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Climate change has made 99.8 percent of these sea turtles female

A team of researchers has discovered that green sea turtles along Australia’s northern Great Barrier Reef (nGBR) are undergoing some dramatic changes as a result of climate change. The study revealed that turtles born on the region’s warmest beaches are now 99.8 percent female.

The sex of a sea turtle is not determined genetically, as it is in mammals. According to the researchers, cooler temperatures produce more males and warmer temperatures produce more females. For example, the experts found that turtles being born on a cooler beach just south of their study site are only 65 percent female.

The researchers explained that the pivotal temperature, which will produce 50 percent males and 50 percent females, varies across different species and nesting groups.

The experts used data on air and sea surface temperatures to estimate sand temperatures that nests would have experienced in the nGBR from 1960 to 2016. The team used a temperature model which they acknowledged had some limitations, but said that this model “clearly shows that green turtle nests at Raine Island and Moulter Cay were consistently incubated above the pivotal temperature  since the early 1990s.”

Although sea turtles often choose to breed when the sand is slightly warmer than pivotal temperatures, global warming has boosted the temperature in the nGBR enough to really tip the gender scale. The researchers are concerned about what this means for sea turtles as temperatures continue to rise.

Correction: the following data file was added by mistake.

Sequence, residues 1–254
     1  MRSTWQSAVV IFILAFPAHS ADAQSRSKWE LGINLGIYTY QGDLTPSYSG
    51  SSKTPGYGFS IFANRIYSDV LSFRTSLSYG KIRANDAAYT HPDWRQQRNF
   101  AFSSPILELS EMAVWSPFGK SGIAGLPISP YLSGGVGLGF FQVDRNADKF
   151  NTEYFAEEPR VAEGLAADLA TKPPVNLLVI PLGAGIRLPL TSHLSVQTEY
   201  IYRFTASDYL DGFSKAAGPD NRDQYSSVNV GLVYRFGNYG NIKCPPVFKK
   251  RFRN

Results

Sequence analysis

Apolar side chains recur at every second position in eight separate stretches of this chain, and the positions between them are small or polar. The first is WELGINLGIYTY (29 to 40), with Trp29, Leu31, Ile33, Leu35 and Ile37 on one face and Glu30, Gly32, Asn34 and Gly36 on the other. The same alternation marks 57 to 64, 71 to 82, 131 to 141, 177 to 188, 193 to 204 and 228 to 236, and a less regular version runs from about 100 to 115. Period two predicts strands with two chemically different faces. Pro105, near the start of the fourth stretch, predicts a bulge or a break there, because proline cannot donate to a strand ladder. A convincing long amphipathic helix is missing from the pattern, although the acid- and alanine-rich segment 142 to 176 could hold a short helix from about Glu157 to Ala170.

“While rising temperatures may initially result in increased female population sizes, the lack of male turtles will eventually impact the overall fertility of females in the population,” wrote the study authors. “For the nGBR, many of these questions will be answered as the adult population become increasingly female biased. As such, our study raises new concerns over the immediate threats of climate change to sea turtle populations.”

It remains unclear how the turtles will respond to this major gender shift. Males breed much more often than females, but this cannot likely compensate for such a large number of missing males. The researchers suggested that females may begin to seek out mates further south in the cooler climate.

The study authors said that this investigation “highlights the need for immediate management strategies aimed at lowering incubation temperatures at key rookeries to boost the ability of local turtle populations to adapt to the changing environment and avoid a population collapse – or even extinction.”

The research is published in the journal Current Biology.

By Chrissy Sexton, Staff Writer

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